Until recently, reading and commenting on other blogs was about as far as I had gotten into actual socialization with food bloggers. I learned how much of a shame this truly was when I finally made it to a Food Bloggers Meetup, this time at Paris 66 in East Liberty.

When you write about food, you want to talk about food. You want to talk about it a lot. And while I am lucky to have friends that are more than willing to humor my seemingly endless interest in the topic, there’s something very reassuring about being among members of the same tribe. When the food is served and my camera was only one of many pulled out, I got a warm and fuzzy feeling in my stomach – and not just because I had drunk half of my very potent French martini.

In attendance:
- Mike of Foodburgh
- Luke (organizer and former Paris 66 employee)
- Lauren of Burghilicious
- Erin (and Kevin) of Community Cucina
- Clara of Food Collage
- Roddy of Rodzilla Reviews
- Janelle of VegOut Pittsburgh
- Nicole (and her lovely spouse) of Yum Yum
- Laurie of Tuesdays with Dorie
- Me and the lovely Kait Wittig, friend and eating partner-in-crime


In addition to meeting these bloggers in person for the first time, I was also making my first visit to Paris 66. I’m a bit of a sucker for romantic little enclaves of atmosphere and expensive dining, and Paris 66 has all the best traps: Softly lit, furnished in polished wood and tables complete with laminated-antique postcard covers,  back patio seating, and, of course, a small, concise menu of French specialties, including crepes, steak frites, duck, and some very foreign- and tempting- sounding hors d’œuvres. Billed as “everyday French cuisine” the menu still finds plenty of room for the mildly exotic.

Paris 66 on Urbanspoon
Continue reading

Tofu Meuniere


I spent most of the week sick with a pretty wicked cold which wiped out every bit of my appetite from Monday through most of Saturday. I ate to keep up my strength, but I lacked my characteristic zest for the meals I was eating. Even my standby favorites like Piaquadilo’s Cajun corn chowder and the vegan buffalo seitan wings from Spak Bros. did little to inflame my senses. I was congested, my throat was sore, and the idea of eating food, let alone preparing it, seemed like a chore.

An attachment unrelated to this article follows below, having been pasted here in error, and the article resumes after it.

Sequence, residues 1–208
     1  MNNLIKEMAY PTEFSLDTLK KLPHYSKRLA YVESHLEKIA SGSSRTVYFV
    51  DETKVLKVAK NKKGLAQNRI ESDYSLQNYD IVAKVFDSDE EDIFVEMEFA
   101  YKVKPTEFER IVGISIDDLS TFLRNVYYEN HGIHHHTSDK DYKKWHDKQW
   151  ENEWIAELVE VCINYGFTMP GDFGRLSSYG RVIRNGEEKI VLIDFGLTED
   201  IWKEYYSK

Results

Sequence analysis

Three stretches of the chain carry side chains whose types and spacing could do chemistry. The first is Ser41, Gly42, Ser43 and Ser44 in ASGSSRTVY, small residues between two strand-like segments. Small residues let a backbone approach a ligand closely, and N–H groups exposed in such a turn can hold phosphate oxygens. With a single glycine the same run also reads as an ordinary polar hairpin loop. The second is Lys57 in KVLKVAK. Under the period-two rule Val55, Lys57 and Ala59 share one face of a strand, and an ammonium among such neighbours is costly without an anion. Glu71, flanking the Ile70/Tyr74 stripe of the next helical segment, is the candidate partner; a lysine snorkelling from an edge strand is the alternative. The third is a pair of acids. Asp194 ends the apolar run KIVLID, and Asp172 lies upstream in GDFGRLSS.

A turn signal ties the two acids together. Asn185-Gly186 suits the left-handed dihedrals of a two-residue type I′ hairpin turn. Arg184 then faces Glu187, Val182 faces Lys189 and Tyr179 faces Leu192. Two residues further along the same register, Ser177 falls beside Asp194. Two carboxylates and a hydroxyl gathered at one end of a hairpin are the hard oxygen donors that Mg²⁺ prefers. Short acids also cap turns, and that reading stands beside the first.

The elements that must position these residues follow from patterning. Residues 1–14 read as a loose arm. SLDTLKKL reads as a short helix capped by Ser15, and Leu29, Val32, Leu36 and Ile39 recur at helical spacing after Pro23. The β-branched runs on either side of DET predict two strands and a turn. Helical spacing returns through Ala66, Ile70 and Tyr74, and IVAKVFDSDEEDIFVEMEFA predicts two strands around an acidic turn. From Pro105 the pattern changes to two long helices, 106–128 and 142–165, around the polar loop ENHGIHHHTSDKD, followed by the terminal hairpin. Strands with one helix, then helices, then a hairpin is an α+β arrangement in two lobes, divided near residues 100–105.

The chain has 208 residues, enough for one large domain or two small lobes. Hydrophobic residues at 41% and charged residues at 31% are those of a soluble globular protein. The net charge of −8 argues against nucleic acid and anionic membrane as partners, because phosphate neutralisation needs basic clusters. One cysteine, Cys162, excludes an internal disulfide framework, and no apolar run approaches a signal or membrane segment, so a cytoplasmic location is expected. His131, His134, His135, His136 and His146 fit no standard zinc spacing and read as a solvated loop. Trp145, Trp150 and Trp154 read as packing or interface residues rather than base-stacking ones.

This past week, while I was sleeping and moaning and spending as little time in the kitchen as possible, Nicole of Yum Yum posted her preparation of a Giada De Laurentiis recipe, Chicken Meuniere with Tomato-Parsley Sauce. I could tell I was finally coming out of the fog when, upon reading Nicole’s entry, I thought to myself, “Well that looks delicious. And I bet it would be totally easy to veganize.”

So Saturday, when the urge to cook started to creep back into my brain, I looked over the original recipe. The term “meuniere” refers to the process of dredging the fish, chicken, or whatever protein you’re using in flour before baking or frying. It’s a classic rustic Italian dish that is easy and quick to prepare, and for as few ingredients as it calls for, it’s an incredibly flavorful dish.

Based on the contents of my cupboards and personal preferences, I made a few variations, including substituting basil when I could not seem to locate my large canister of parsley. Also, because I like a thick sauce, I added some of the dredging flour to the roux. If you want a lighter, less creamy sauce, just skip that step.

Don’t forget some good crusty bread and a fresh green salad to go along with this dish. It’s a very refreshing dinner for a warm spring or summer night.

Tofu Meuniere

Ingredients

For tofu
- 1 pound tofu, cut into eight even slices
- 1/2 cup unbleached all-purpose flour
- 1 tsp poultry seasoning
- 1 tsp garlic pepper seasoning
- Oil for frying

For sauce
- 4 to 5 Roma tomatoes, diced
- 1/3 Kalamata olives, chopped
- 2 shallots, sliced thin
- Zest of a small lemon
- 1/2 cup white wine
- 1 tbsp basil

- To prepare the tofu: Mix together flour and seasonings. Dredge each piece of tofu in the flour mixture until both sides are well-coated. Heat oil in a large pan, then add the tofu slices. Fry until lightly browned, then flip. Once all slices are cooked on both sides, remove them from the pan and keep in a lidded container.

- For the sauce: Using the same pan, add the tomatoes, olives, shallots, zest, white wine, and basil. Simmer for five minutes. If thickening, add a tablespoon of the flour mixture used to coat the tofu. Stir and cook until thick (but not too thick), then remove from heat.

- Plate the tofu, then cover with the sauce.

Notes on a New Place: Le Brew House


Le Brew House on Urbanspoon